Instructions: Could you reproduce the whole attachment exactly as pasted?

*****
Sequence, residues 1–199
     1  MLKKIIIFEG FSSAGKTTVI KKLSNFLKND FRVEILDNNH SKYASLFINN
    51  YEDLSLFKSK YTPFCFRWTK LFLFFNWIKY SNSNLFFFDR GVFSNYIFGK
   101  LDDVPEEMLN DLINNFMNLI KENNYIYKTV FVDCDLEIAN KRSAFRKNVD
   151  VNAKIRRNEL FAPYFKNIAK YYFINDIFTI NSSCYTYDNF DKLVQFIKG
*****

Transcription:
Sequence, residues 1–199
     1  MLKKIIIFEG FSSAGKTTVI KKLSNFLKND FRVEILDNNH SKYASLFINN
    51  YEDLSLFKSK YTPFCFRWTK LFLFFNWIKY SNSNLFFFDR GVFSNYIFGK
   101  LDDVPEEMLN DLINNFMNLI KENNYIYKTV FVDCDLEIAN KRSAFRKNVD
   151  VNAKIRRNEL FAPYFKNIAK YYFINDIFTI NSSCYTYDNF DKLVQFIKG